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Breakthrough in German coalition talks

Friday, 12 January, 2018 - 19:29

German Chancellor Angela Merkel, Christian Socialist Union (CSU) leader Horst Seehofer and Martin Schulz of the Social Democrats have reached an agreement to negotiate the formation of a new coalition government. The agreement was reached between the three party leaders on Friday after talks on Thursday night, bringing to an end a protracted period of uncertainty since Germans went to the polls in September.

At a joint press conference at the SPD headquarters Merkel appeared relieved at the breakthrough in the negotiations, after warning of “big obstacles” before going into the discussions yesterday. She said she was optimistic about the new government in Berlin will mark “a new beginning” for Europe.

In terms of details of the agreement, the Christian Democrats look to have secured a limit to the number of asylum seekers arriving annually in Germany, reported to be between 180,000 and 220,000.

While the Social democrat’s demands for an increase in the tax rate for high earners and the creation of a “citizens health insurance” scheme fail to make it into the final agreement, they have secured a pledge of higher public investment and greater input from employers in financing public insurance.

The solidarity tax – paid by Germans in richer western states to support those of the former GDR – will be phased out, as the Conservatives wanted.

Europe was another sticking point during the negotiations especially after Schulz’s call for a United States of Europe by 2025, but here too the parties seem to have come to an agreement.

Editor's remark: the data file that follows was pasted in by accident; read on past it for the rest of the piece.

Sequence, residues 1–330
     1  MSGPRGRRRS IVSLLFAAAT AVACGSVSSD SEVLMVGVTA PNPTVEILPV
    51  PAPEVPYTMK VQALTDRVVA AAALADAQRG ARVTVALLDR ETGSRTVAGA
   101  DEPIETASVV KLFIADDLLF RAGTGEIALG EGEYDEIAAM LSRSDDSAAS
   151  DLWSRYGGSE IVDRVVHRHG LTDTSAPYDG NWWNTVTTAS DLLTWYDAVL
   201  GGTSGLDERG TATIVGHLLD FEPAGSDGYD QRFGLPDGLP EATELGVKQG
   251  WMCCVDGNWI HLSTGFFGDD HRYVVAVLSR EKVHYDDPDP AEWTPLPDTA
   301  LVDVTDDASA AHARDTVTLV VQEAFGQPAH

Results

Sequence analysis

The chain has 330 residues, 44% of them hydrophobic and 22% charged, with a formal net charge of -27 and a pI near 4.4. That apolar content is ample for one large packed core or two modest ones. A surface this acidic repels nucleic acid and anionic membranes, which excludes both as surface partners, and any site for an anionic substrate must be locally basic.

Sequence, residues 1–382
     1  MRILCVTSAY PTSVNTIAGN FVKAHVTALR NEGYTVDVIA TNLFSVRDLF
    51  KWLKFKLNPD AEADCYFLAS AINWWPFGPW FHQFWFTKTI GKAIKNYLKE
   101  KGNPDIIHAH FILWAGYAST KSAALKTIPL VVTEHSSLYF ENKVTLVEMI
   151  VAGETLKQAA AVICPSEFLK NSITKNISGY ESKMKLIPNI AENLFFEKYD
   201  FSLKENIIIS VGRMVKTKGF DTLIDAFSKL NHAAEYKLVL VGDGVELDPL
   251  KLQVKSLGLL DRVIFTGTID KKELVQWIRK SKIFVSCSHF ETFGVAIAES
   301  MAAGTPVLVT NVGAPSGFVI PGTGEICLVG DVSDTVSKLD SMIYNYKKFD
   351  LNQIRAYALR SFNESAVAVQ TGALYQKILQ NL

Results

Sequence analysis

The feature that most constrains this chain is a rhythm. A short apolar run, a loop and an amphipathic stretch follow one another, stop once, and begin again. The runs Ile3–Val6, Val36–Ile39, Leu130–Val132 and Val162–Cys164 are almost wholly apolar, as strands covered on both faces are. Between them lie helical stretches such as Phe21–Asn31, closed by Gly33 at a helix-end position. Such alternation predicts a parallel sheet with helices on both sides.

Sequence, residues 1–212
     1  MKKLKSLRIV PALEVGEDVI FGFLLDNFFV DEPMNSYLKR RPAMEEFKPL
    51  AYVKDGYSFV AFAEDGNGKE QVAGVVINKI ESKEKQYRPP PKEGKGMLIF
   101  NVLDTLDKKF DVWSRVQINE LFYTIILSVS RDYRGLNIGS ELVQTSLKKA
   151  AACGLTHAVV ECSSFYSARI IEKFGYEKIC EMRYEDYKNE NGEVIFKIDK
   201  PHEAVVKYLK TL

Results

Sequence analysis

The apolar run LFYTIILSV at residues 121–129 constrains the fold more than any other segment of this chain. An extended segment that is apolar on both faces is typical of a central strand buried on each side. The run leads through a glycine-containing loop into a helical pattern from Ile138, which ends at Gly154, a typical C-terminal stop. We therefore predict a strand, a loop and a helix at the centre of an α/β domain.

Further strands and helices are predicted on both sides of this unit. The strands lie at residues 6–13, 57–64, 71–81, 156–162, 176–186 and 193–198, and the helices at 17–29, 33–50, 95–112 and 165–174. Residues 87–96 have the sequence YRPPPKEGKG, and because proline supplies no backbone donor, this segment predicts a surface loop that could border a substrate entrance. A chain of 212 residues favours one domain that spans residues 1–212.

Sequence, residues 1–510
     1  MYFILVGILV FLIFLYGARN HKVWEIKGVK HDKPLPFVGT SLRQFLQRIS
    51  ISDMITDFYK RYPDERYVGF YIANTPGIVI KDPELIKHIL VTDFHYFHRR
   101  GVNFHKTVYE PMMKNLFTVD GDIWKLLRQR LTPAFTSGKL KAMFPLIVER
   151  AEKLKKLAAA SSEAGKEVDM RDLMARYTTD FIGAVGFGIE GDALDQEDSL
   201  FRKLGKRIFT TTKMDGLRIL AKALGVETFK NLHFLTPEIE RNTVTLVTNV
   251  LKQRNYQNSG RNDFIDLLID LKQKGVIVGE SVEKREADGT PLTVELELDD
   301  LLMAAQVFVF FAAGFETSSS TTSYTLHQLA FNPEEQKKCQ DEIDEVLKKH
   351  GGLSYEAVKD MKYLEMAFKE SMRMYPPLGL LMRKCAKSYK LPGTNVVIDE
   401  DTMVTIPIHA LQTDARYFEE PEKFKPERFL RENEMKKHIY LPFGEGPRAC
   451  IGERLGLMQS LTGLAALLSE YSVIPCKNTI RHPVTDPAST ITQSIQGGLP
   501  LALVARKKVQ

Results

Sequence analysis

The document plans to “strengthen” and “reform” the euro area with France, to make it more resistant to crises. To this end, measures to crack down on tax avoidance and establish a European Monetary Fund to aid member states facing debt crises form part of the deal.

Other measures include “equal pay for equal work” throughout the EU, to make the labour market fairer, and a push to reduce child poverty, strengthen equal rights for women and attract more foreign skilled workers to Germany. The new government will also aim to achieve a 65 percent share for renewable energy in Germany’s power generation by 2030.

EU Council President Jean-Claude Juncker welcomed the compromise saying it was a “positive” and “constructive” contribution to the future of the EU.

However, it’s not a done deal yet, the deal still needs to be ratified by SPD members at the party conference in Bonn on January 21, which will then give a designated team the green light to negotiate, portfolio by portfolio, the composition of the new government.